The Madison National Poetry Team arrives in Austin ready to compete. From bottom, clockwise: Eric Mata, Josh Healey, Ryan Hurley, and Kyle 'El Guante' Myhre.
The Madison National Poetry Slam teams journey begins somewhat uneventfully on Tuesday. Waiting through a three-hour layover at O'Hare, Eric Mata rehearses, Ryan Hurley writes haiku, Josh Healey listens to the boring new Common album and I kill trolls with shotguns on the PSP. We also play the "spot the poet in the crowd" game, scanning the terminal for leather backpacks, black fedoras or overpowering airs of self-importance.
Most of the poets we meet, though, are pretty cool.
Our first day in Austin is thankfully free from competition; just some registration and orientation, a few open mics, and -- Texas is great -- eating What-A-Burgers. We watch our tremendously talented Milwaukee compatriots win their first bout, and also spend a couple hours rehearsing our pieces, tweaking subtle things like preposition placement, pronoun usage, rhythm, vocal tone and more.
Indeed, spoken word is a fairly complicated art/sport. It requires equal attention to both the writing of the verse ("do you think we're using the f-word too much?") and the performance ("make sure it looks like you're swinging the bat at the piñata and not the little girl"). Slam, which is the competitive element of the scene, really puts a magnifying glass on everything, particularly the poet's ability to engage an audience and effectively communicate his or her message.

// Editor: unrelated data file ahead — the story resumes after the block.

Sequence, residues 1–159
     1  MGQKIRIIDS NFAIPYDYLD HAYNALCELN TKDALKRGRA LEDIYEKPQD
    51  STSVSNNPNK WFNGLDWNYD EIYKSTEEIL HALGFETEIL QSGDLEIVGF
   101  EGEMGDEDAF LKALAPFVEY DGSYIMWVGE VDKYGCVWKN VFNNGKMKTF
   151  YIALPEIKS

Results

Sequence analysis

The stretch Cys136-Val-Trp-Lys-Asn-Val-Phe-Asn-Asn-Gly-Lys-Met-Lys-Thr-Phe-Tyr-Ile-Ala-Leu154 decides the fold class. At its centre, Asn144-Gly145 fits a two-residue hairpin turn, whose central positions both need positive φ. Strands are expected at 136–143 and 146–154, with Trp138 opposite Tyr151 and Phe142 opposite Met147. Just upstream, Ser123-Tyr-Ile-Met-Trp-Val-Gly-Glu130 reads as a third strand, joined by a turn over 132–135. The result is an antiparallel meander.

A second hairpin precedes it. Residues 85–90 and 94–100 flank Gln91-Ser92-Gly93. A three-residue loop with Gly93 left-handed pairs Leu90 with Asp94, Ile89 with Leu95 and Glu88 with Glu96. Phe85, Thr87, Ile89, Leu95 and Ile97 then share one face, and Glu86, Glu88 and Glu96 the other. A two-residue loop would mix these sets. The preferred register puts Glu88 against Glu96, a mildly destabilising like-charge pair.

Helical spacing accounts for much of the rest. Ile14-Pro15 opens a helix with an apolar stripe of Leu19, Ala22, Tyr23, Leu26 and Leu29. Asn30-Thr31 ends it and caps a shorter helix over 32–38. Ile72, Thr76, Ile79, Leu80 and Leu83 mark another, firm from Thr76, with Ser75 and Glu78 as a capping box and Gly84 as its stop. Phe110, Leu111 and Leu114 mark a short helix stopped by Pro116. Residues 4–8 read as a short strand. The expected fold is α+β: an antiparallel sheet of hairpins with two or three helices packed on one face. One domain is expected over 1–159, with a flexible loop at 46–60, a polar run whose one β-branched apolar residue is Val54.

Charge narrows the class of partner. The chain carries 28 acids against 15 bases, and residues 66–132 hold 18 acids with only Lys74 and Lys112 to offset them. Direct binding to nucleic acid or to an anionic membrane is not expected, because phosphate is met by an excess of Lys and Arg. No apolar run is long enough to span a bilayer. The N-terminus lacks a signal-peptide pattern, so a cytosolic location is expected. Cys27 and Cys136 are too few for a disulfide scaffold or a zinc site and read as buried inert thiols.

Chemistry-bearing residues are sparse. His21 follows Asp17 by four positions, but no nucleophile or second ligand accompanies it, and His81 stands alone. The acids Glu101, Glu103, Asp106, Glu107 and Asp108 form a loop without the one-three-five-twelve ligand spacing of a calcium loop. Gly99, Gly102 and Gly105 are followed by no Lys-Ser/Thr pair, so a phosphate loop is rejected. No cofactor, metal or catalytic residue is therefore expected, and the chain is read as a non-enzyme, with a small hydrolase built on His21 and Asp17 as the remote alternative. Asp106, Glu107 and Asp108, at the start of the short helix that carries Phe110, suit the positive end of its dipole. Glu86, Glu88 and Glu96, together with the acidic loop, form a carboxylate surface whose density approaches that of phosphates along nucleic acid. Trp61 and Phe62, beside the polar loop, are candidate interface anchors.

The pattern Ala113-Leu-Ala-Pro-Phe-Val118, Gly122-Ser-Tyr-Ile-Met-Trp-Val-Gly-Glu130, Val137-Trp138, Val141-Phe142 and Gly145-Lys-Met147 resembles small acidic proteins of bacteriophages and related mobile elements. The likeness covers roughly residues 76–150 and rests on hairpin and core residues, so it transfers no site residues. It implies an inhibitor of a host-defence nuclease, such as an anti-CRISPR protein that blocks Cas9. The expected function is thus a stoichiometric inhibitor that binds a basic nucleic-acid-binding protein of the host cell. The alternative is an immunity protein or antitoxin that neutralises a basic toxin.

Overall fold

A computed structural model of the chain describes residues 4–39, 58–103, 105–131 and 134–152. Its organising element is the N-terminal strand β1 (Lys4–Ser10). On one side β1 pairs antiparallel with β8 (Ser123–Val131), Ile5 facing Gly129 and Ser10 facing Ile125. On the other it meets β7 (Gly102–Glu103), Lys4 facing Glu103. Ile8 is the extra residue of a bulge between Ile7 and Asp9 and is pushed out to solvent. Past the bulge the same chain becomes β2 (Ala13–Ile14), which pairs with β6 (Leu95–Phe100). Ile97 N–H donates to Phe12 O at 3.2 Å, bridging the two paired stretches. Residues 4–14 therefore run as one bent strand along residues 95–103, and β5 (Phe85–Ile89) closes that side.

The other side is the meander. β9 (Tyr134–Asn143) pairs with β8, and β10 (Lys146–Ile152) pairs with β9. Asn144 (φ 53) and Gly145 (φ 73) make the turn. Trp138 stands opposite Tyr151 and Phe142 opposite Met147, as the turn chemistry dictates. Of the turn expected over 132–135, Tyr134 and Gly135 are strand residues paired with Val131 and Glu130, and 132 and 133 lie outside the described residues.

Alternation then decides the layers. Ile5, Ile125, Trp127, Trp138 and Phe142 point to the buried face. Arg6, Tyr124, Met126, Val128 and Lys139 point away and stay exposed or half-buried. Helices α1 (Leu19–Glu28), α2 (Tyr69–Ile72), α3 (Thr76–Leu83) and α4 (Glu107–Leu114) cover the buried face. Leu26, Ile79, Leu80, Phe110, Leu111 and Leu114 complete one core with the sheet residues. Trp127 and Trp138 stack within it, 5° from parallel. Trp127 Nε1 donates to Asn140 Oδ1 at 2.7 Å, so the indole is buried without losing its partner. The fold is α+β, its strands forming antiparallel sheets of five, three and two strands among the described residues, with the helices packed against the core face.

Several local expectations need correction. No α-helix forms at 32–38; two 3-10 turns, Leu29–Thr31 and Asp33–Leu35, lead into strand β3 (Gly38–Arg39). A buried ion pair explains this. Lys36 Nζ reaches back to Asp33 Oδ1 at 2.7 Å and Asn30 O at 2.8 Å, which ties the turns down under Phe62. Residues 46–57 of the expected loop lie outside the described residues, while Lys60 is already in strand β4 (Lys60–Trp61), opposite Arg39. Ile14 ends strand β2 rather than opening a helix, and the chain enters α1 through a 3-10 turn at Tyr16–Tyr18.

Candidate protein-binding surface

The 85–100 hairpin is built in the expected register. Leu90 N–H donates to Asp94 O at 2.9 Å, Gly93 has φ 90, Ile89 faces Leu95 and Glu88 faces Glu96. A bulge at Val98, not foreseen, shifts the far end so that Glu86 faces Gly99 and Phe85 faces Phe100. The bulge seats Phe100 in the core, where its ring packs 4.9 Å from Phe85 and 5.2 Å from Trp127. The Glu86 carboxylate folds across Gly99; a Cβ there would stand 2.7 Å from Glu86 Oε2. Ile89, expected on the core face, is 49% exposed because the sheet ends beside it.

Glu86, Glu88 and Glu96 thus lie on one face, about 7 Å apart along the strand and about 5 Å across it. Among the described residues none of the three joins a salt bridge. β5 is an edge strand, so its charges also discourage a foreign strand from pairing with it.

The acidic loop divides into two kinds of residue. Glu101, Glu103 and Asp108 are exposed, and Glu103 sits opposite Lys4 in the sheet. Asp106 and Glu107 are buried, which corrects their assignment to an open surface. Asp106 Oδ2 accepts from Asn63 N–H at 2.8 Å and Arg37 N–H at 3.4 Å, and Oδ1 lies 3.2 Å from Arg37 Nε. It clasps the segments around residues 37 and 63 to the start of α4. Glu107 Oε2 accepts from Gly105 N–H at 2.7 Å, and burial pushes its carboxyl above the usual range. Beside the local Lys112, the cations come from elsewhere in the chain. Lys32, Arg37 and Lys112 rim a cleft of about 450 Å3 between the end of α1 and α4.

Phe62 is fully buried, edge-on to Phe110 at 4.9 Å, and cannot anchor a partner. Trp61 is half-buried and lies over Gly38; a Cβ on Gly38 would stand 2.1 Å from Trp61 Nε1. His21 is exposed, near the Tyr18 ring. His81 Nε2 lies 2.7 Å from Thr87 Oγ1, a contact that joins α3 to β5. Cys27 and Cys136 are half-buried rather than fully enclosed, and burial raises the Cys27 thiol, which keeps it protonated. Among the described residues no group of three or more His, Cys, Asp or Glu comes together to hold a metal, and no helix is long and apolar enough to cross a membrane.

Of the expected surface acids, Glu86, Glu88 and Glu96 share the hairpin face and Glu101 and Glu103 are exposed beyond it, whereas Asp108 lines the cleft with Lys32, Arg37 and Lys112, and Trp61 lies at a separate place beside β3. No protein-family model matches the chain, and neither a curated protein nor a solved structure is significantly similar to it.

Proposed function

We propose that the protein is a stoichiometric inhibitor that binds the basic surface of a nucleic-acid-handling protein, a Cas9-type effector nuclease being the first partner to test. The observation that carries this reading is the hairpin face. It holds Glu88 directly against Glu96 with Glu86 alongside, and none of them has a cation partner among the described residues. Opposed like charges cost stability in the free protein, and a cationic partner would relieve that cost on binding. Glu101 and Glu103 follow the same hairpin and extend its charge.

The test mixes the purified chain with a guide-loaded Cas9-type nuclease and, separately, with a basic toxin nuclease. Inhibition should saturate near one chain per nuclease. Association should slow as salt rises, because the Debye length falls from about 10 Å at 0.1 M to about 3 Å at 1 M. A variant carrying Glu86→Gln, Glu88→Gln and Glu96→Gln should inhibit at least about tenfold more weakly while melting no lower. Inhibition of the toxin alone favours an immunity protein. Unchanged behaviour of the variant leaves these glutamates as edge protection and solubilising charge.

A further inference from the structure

As judges at slams are pulled randomly from the crowd, this can make things quite interesting. For those not familiar with the format, five random audience members judge the poems they hear according to content, delivery and creativity on a scale of one to ten. With about 300 poets representing some 75 teams from across the country, the range of styles and subject matter is pretty breathtaking.
I am not, however, going to be writing exclusively about the "beauty of human expression" or the "courage of these modern-day griots." There's a lot of bullshit here as well, plenty of formulaic, obvious, platitude-spewing drivel. The good usually outweighs the bad, though. We've seen and heard a lot of interesting stuff today, poems dealing with issues that range from black identity to domestic abuse to veganism to marriage to something about spoons and why they're angry at forks.
Our first bout is tomorrow night, against Phoenix, Decatur, Farmington and New York's famed Nuyorican team.
Keep checking back for updates; slam is a very interesting culture, and I'll be expanding on some of the stuff I'm hinting at here. When the National Poetry Slame comes to Madison in 2008, hopefully we'll be ready for it.